If you lived through the Age of Enlightenment, you probably didn’t know it. Likewise, the Age of Reason. Or the Age of Innocence. But the Age of Harry? For Muggles not to know they’ve been living through the Potter Era would be like not noticing a Hogwarts’ commencement exercise marching through their living room. Or the noseless Voldemort sitting in the breakfast nook.
“Harry Potter and the Deathly Hallows Part 2” will mark the end of something ― though probably not entirely the enchanted Pottermania that has made the series the most popular in film history. And which has helped sell 450 million copies of the seven J.K. Rowling novels on which the movies are based. Certainly, when the second half of the last movie is finally released ― in 3-D, which was still more or less a novelty when the inaugural “Harry Potter and the Sorcerer’s Stone” was released in 2001 ― it will free Daniel Radcliffe (age 21), Rupert Grint (22) and Emma Watson (21) from the characters that have defined their young lives (and made them, one hastens to add, financially independent). It will mean more free time for a big bunch of older British actors. And it will make finite, in a way, the Potter Generation: kids, many of whom are no longer kids, who read the books, saw the movies, were disappointed when they turned 11 and didn’t get an invitation to Hogwarts Academy, and will see the conclusion of the films as a bittersweet punctuation point on the entirety of their childhoods.
Daniel Radcliffe, from left, as Harry Potter, Rupert Grint as Ron Weasley and Emma Watson as Hermione Granger in Warner Bros. Pictures’ fantasy adventure “Harry Potter and the Deathly Hallows - Part 2,” a Warner Bros. Pictures release. (Jaap Buitendijk/Courtesy Warner Bros. Pictures/MCT)
It’s been 15 years since the whole thing started (with the books), 10 since the movies began, and while David Yates hasn’t been on it that long, he seemed ready to leave the wizards behind. When the last installment was “98 percent in the can,” the director ― the fourth to take on “Potter” (after Chris Columbus, Alfonso Cuaron and Mike Newell) ― said he often met the same kind of question. “‘With three directors before you, a book, other source material, what is it that you DO?’ And I say, ‘A lot, actually!’ But it goes back to that notion that it doesn’t belong to anybody. I can truly say this belongs to the audience; that’s what it feels like to me.”
Audiences would agree: The movies ― which have made a tidy $6.4 billion for Warner Bros. ― have 28 million Facebook friends; the books have been translated into 60 languages. Rowling recently unveiled a website called Pottermore (pottermore.com), intended to develop characters and plot lines already in books and allow readers to interact with and navigate the wizardly world of Harry Potter, about which there are already 18,000 new words on character histories and the houses at Hogwarts school, for example. Pottermaniacs reportedly can register on the site July 31, Harry Potter’s birthday.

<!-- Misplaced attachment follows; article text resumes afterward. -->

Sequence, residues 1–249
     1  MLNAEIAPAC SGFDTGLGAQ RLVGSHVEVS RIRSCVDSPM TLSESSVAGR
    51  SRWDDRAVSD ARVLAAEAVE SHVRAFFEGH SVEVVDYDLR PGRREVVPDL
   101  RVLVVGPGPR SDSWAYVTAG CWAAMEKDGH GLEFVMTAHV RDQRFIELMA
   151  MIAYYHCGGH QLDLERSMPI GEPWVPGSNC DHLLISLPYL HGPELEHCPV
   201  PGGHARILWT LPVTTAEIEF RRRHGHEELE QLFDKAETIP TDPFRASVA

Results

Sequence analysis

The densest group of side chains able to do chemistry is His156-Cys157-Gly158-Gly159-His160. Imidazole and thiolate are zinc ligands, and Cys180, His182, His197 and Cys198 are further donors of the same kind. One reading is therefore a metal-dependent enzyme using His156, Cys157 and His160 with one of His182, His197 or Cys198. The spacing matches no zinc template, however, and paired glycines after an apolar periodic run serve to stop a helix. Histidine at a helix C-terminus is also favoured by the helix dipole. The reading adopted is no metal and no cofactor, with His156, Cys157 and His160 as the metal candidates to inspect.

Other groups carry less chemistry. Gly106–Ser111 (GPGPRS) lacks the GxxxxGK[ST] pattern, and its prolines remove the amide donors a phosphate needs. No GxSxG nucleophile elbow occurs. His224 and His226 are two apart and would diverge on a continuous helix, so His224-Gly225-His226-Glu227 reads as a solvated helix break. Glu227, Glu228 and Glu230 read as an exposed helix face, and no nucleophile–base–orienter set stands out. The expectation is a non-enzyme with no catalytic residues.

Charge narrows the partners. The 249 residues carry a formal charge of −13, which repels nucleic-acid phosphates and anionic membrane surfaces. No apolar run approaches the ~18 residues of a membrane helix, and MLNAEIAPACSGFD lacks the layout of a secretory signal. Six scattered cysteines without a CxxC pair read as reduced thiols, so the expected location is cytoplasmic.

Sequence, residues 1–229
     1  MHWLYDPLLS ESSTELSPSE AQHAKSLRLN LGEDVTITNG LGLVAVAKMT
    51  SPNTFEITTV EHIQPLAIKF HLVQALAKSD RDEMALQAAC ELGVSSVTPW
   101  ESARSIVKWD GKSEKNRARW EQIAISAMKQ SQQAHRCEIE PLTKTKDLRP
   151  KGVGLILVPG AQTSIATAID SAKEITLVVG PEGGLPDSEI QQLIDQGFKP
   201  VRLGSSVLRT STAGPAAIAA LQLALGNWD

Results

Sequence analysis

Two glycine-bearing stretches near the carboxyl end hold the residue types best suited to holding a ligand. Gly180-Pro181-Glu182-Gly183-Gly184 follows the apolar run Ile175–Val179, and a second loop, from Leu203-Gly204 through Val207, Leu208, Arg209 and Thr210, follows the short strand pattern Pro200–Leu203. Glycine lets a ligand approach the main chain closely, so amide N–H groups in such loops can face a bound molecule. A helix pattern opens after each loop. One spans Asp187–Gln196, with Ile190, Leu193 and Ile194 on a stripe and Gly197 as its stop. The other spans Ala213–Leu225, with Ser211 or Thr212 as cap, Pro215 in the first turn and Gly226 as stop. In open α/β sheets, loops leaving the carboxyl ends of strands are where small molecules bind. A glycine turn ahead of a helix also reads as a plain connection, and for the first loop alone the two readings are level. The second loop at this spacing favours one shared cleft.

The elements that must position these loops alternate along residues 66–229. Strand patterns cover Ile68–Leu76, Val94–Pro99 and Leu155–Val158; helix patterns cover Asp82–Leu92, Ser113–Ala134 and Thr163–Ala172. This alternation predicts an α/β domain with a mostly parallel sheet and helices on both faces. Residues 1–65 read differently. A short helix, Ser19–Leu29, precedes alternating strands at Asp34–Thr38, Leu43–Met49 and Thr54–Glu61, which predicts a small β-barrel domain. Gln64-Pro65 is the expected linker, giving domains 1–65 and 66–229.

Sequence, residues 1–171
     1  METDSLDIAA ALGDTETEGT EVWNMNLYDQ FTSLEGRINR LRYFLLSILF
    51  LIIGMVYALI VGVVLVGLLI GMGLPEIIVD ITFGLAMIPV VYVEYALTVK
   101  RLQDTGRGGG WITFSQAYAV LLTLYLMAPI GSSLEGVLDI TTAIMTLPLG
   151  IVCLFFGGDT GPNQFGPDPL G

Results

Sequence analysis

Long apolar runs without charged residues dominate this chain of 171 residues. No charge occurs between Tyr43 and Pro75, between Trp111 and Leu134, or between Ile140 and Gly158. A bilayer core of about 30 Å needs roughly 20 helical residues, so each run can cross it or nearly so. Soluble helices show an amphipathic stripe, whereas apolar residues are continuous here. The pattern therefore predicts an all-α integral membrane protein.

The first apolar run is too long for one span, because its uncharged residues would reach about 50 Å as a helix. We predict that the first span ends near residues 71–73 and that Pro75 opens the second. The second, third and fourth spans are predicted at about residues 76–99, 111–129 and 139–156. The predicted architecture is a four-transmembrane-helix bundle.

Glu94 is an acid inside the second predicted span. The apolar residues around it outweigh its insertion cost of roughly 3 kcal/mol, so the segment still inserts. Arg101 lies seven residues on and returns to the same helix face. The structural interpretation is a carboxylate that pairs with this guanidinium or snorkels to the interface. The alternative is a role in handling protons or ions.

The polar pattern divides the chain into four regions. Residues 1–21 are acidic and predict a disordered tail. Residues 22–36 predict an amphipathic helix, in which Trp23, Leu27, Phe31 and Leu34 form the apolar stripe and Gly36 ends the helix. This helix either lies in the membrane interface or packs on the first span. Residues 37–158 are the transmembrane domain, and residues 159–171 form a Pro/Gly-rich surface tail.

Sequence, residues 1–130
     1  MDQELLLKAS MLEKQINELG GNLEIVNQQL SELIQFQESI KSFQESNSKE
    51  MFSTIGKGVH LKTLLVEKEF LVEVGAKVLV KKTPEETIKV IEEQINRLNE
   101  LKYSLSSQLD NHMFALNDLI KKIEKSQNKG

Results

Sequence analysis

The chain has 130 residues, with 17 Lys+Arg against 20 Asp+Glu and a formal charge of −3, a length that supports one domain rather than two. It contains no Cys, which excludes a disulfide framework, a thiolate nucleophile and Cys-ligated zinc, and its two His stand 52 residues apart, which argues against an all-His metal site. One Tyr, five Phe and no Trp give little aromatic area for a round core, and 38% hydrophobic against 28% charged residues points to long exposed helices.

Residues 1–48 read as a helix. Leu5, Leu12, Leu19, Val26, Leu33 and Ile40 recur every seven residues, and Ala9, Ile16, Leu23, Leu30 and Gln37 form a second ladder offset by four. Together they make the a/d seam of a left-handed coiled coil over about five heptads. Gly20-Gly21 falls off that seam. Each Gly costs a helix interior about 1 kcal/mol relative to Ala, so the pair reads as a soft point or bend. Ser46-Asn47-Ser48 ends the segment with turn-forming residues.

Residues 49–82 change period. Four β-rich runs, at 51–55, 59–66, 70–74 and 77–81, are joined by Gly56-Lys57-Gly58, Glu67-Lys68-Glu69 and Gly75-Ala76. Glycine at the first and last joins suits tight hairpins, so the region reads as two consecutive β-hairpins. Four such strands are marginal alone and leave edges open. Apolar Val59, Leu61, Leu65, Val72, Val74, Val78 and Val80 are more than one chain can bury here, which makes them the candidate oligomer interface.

“Deathly Hallows” was originally intended as one movie but later split in two ― ostensibly because the narrative was so fat (but no one missed the point that two movies are far more profitable than one). In it, Harry, Ron Weasley and Hermione Granger continue to search out horcruxes ― objects that contain a fragment of a soul, and which the evil Voldemort (a.k.a. You Know Who, a.k.a. He Who Must Not Be Named, a.k.a. the Dark Lord) is using to both attain immortality and achieve total control of the Wizarding World. What “Deathly Hallows Part 2” promises is an apocalyptic battle between the forces of dark and light, several untimely deaths and a denouement that will bring full circle Rowling’s subtle Christian allegories and politically nuanced metaphors about torture, “blood purity” and the corrupting effects of power.
Will Harry have a lasting effect on the culture? Undoubtedly. Fans have learned all sorts of terms specific to the seven novels ― “hippogriffs” and “kneazles” are creatures, an “animagus” and a “mudblood” (though derisive) are people. But the characters themselves have been so well-defined we feel we know them ― and people like them: Few young women would be insulted by being referred to as a “Hermione”; not everybody wants to be a “Weasley” (the perpetual second fiddle, despite his occasional act of bravery). Similarly, if you want to insult someone, call him or her a Dursley (them, and their family).
The idea of Muggledom, too, is fraught with mixed interpretation: To be a Muggle means to be an outsider in the world of wizards, a forever-inferior creature who can never truly belong with Harry and his ilk. And yet, who ever felt that way about it? One of J.K. Rowling’s gifts is that she can create a world in which the exclusionary, magical nature of her characters ― the thing that should have distanced them from their nonmagical audience ― is the very thing that made the audience feel that it belonged. Harry could never vanish entirely, not even if he and his movies were somehow wrapped in a Cloak of Invisibility.
But the pang that hits the Potter People, when that final movie rolls to a close, will probably feel a lot like homesickness.
“Harry Potter and the Deathly Hallows Part 2” opened in theaters in Korea on Wednesday.
By John Anderson, Newsday
(McClatchy-Tribune Information Services)